Subcategorization Acquisition and Classes of Predication in Urdu

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Die Acquirierung von Subkategorisierung und Klassen der Prädikation in Urdu
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Zusammenfassung

In this thesis, I have focused on identifying and exploring different types of predicators and patterns of their subcategorization frames in Urdu. Not having at hand refined resources for Urdu, for example, part-of-speech tagged corpora or tree bank, it was investigated how to acquire subcategorization of verbs from a raw Urdu corpus. Challenges to automatic subcategorization acquisition from a raw Urdu corpus were discussed in Chapter 2. Urdu is a free word order language in which major constituents can scramble among each other in a clause. That is, an argument of a verb is not strictly bounded to some specific position in a sentential clause, although the verb itself usually comes last. So, identification of the argument based on its position is not possible in Urdu in contrast with other languages like English where some arguments can be identified only by their positions in a sentence.


The participants of verbs in Urdu sentences are usually marked for case by different case clitics. It first seemed straightforward to identify different arguments based on case marking. But it turned out that case clitics pose challenges. There is not a one-to-one correspondence between the case clitic form and the case feature. That is, the same clitic form is used to mark nouns for more than one case. Another challenge is that the same grammatical function is marked for different cases in different situations.


Furthermore, both nouns and verbs can subcategorize for their arguments. So, it was also a challenge to identify which case phrase is semantically combined with which predicator. The case phrase attachment ambiguities in some sense resemble to the PP-attachment ambiguities in English and other langauges. To identify the complementizer clause based on the complementizer form is not trivial in Urdu as the same form of complementizer is also used for many other functions.


Having explored the above challenges, an algorithm was devised to acquire subcategorization information from a raw Urdu corpus. In the subcategorization acquisition system for Urdu (SASU) many of above challenges were addressed and a few were ignored. The SASU system was presented in Chapter 3. The strategy of the SASU system differs from existing strategies in two respects. For one, lexical clues of case are used. Secondly, the frames are identified indirectly from the extracted case phrases by applying some meta rules. This system comprises of two input repositories and a verb conjugator and four more components. About 700 basic verbs of Urdu were collected from different resources and a corpus of Urdu obtained mainly from news sites was cleaned and segmented. The different morphological inflectional paradigms of verbs were analyzed and an Urdu verb-conjugator was implemented as a supplementary part of the SASU system.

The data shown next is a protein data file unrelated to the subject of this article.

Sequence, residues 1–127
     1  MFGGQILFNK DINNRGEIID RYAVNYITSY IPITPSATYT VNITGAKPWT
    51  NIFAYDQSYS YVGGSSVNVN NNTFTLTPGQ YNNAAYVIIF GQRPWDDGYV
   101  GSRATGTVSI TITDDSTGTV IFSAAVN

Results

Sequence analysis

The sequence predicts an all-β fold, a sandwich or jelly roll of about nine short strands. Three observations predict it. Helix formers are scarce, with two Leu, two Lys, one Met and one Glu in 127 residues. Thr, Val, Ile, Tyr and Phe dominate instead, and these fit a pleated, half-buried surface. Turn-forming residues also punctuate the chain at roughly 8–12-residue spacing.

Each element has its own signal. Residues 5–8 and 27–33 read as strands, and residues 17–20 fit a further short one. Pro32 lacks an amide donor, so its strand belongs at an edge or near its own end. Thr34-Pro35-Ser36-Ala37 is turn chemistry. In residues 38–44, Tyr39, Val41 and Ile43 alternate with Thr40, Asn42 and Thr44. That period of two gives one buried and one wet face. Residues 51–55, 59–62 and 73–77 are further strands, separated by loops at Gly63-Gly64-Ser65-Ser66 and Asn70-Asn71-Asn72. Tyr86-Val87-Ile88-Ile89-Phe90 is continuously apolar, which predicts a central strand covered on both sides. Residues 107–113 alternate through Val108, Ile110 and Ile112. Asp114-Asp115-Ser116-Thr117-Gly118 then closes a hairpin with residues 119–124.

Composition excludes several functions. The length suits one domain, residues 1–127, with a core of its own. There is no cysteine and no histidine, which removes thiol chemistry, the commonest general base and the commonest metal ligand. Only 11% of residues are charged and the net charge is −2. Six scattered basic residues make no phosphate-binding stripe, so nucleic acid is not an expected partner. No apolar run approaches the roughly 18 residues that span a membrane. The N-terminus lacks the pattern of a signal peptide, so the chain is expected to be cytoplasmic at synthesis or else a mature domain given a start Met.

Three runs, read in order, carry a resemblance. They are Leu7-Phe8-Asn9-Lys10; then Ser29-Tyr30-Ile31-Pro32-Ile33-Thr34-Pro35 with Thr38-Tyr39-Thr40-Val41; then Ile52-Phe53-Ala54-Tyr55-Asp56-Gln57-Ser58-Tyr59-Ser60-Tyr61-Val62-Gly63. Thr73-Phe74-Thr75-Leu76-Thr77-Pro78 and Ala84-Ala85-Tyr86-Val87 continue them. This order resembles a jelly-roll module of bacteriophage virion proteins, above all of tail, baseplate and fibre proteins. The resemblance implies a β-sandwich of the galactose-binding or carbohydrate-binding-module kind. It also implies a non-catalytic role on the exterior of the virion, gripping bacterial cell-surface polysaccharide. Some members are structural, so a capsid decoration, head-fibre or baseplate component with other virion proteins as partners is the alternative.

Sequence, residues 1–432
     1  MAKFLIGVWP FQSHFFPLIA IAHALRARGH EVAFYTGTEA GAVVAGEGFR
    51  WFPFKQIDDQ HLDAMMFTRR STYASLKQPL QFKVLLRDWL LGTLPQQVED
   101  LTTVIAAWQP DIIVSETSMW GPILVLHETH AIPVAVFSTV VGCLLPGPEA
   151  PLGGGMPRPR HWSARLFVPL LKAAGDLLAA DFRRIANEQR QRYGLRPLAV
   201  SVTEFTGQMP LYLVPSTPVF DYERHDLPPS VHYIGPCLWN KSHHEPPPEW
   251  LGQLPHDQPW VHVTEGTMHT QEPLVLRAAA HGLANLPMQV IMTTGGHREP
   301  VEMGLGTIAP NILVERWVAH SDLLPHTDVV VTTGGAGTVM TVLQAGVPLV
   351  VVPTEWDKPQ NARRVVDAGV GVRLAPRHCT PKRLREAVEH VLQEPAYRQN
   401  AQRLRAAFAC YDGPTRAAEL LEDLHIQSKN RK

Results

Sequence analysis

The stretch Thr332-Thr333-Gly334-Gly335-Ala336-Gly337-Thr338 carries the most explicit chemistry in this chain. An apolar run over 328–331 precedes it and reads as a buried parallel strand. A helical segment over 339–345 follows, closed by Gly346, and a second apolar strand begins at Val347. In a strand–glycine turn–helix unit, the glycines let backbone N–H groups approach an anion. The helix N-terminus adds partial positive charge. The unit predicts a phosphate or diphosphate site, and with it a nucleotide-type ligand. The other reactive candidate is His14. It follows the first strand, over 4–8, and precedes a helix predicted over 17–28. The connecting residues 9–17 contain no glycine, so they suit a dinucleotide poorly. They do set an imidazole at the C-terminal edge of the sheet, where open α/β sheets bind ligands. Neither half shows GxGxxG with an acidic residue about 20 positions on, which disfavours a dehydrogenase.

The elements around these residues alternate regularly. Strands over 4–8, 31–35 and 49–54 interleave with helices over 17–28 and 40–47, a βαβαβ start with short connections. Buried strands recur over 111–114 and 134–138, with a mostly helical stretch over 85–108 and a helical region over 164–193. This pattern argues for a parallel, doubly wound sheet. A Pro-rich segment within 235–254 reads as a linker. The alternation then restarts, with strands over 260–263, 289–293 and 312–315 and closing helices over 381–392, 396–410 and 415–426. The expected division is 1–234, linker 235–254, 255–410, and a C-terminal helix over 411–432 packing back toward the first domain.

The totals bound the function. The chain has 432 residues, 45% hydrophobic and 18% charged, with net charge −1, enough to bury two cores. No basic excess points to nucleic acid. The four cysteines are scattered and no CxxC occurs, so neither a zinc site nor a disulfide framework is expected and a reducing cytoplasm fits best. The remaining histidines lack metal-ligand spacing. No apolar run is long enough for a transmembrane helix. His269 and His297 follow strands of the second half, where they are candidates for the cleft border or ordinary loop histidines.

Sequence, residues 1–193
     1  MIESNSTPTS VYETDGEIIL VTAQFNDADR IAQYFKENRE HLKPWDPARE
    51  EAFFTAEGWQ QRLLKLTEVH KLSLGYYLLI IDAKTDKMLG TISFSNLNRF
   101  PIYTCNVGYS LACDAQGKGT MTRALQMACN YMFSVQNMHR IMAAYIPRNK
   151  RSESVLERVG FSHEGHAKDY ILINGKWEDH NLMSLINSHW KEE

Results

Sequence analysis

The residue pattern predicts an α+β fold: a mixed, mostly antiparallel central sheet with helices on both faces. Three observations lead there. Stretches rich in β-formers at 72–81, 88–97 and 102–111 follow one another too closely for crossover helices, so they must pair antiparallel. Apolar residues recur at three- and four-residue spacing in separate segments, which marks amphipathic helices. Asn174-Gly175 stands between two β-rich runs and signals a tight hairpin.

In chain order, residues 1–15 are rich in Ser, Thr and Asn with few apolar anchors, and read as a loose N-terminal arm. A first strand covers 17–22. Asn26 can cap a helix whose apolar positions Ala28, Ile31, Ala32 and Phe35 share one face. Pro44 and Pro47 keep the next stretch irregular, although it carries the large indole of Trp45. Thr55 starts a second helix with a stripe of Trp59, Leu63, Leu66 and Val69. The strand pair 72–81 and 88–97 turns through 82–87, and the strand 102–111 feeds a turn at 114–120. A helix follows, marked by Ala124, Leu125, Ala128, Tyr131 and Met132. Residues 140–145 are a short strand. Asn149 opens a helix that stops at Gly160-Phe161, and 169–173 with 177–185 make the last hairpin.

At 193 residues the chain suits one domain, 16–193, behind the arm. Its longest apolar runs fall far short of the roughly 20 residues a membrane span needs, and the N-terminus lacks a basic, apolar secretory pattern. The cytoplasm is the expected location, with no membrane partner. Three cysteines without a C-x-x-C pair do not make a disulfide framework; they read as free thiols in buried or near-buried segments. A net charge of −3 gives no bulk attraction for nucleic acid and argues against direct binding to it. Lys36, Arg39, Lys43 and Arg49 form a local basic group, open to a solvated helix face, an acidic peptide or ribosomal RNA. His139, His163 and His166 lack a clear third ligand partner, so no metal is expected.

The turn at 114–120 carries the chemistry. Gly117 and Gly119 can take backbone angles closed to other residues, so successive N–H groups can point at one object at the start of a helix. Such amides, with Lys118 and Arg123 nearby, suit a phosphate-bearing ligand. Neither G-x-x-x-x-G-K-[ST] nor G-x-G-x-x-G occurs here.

To extract subcategorization frames of a verb, a component of the system finds all candidate sentences by comparing the conjugation forms of the verb with tokens of sentences in the corpora. Necessary screening of candidate sentences is made to make it sure that the verb in those sentences is used as a main verb and that it is not of the verb of some subordinating or coordinating clause. Another component then builds different case clitics and complementizer combinations and collect their frequencies in the corpus. The third component of the system filters out potentially invalid combinations based on statistical method. The final component induces the frames of verbs from the valid case clitics and complementizer combinations. Results of subcategorization frames of 60 basic verbs in a summarized form were reported. These 60 verbs were chosen based on sufficient number of their occurrences in the corpora.


Due to the diversified syntacto-semantic behavior of the basic verb ho be/become', it was not viable to extract its subcategorization information by the developed system. So, this verb was individually investigated in Chapter 4 for its different uses and subcategorization frames. It was shown that the verb ho can basically be classified into stative ho and dynamic ho. The syntactic distribution of stative ho and dynamic ho are different in terms of aspect, taking the light verb ja go' and making modal construction with the verb cah `want'. Both stative ho and dynamic ho act either intransitively or a as a copula. Syntactic frames of both types of copula were explored. Dynamic copula only subcategories for a subset of the frames selected by the stative copula. Although Urdu is a free word order language, the position of the participant does matter for interpreting it as a subject or a complement in case of copular sentences. The characterizing participles which are constructed by perfect form of ho were also analyzed with respect to the arguments they modify.